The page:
An effort to eliminate Asian hate crimes is underway.
It’s raising concern about a trend that continues during the pandemic.
Closer to home, we spoke to Asian community leaders on ways to stop these issues.
Those leaders we spoke to today told us that while there isn’t any hate crimes locally, the negative hatred across the country sparks conversations on how we can still better our community.
It’s an ongoing effort.
“We may look different, but we’re all the same. We need to reach out at the grass root level, love needs to be promoted,” said Amanpreet Oberoi, President of Asian Pacific American Association.
Amanpreet Oberoi, President of Asian Pacific American Association said that these recent hate crimes bring hardships.
The conversation comes after last week’s shooting in Atlanta and the ongoing pandemic.
Since the start of COVID-19, Asian leaders said while there is no target in Erie, there are ways for acceptance.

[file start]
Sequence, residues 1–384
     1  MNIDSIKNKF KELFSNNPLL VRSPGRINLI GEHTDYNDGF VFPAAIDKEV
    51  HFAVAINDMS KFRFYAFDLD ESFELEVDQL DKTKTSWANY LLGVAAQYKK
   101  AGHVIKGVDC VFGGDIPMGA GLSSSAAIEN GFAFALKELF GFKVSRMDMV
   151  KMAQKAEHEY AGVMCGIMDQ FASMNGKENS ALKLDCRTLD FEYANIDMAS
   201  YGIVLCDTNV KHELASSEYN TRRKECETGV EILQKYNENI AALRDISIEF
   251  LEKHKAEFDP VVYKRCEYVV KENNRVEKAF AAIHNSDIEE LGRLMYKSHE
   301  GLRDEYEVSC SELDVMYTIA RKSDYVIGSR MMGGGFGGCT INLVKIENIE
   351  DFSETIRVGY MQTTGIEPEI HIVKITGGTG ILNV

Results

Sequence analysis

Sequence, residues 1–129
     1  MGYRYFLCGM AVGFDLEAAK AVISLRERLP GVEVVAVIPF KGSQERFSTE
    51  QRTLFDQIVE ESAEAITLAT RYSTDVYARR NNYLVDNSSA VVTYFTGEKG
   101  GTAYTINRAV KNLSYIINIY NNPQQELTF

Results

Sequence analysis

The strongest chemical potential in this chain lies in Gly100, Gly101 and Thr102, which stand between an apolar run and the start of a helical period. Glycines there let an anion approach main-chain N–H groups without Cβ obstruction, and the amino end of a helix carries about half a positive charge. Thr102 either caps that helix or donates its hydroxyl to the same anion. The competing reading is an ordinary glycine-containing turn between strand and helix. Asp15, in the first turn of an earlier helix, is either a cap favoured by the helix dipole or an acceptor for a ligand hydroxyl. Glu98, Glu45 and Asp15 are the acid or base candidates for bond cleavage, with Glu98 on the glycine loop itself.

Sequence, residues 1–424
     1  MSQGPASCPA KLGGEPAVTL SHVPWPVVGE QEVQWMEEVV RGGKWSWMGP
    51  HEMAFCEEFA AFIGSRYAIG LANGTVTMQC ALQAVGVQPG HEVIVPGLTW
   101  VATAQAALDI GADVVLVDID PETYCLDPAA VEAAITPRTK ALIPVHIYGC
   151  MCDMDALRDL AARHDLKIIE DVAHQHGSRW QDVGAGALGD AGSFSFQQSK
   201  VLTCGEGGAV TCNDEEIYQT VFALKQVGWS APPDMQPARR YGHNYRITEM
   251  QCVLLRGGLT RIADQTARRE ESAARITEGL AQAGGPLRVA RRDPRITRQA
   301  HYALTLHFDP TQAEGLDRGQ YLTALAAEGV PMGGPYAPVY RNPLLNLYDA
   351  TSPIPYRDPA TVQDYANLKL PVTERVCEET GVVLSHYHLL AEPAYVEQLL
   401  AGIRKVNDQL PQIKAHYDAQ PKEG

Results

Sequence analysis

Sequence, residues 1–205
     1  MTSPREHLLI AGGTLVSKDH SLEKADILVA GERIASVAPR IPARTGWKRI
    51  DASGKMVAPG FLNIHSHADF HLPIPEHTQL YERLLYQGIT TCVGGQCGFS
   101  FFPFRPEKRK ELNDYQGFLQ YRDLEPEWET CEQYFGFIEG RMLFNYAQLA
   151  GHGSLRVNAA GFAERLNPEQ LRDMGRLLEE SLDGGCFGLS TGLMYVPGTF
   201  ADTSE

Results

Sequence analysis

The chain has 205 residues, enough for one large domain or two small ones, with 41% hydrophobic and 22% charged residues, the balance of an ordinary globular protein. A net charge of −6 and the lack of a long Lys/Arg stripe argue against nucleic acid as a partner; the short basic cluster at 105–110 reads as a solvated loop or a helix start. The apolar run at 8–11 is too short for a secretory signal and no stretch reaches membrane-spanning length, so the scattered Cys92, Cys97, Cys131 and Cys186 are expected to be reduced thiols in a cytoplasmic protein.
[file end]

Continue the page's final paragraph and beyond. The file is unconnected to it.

“We need to fully use our talents and compensate each other with different skills. We need to welcome diversity and inclusion,” said Dr. Jingze, Associate Professor of Edinboro University.
Oberoi’s high school daughter, Tanvi said she can have conversations about how to better interact with Asian community.
“It’s some important that this is in the curriculum, because if we don’t learn about this, it’ll continue to be an issue. Asian hate has been in our country’s history for years,” said Tanvi Oberoi, Amanpreet’s Daughter.
Asian leaders also expressed the importance of using your voice to help eliminate hatred at the local and national level.
“Now is not the time to endure. Please say something. If we keep doing this, we aren’t leaving a safer world for our children,” said Oberoi.
Asian leaders also expressed that they would like to see more from the Biden Administration allowing for more awareness at the national level.
The Asian Pacific American Association has resources that can help if negative conversations arise.
You can find those resources here.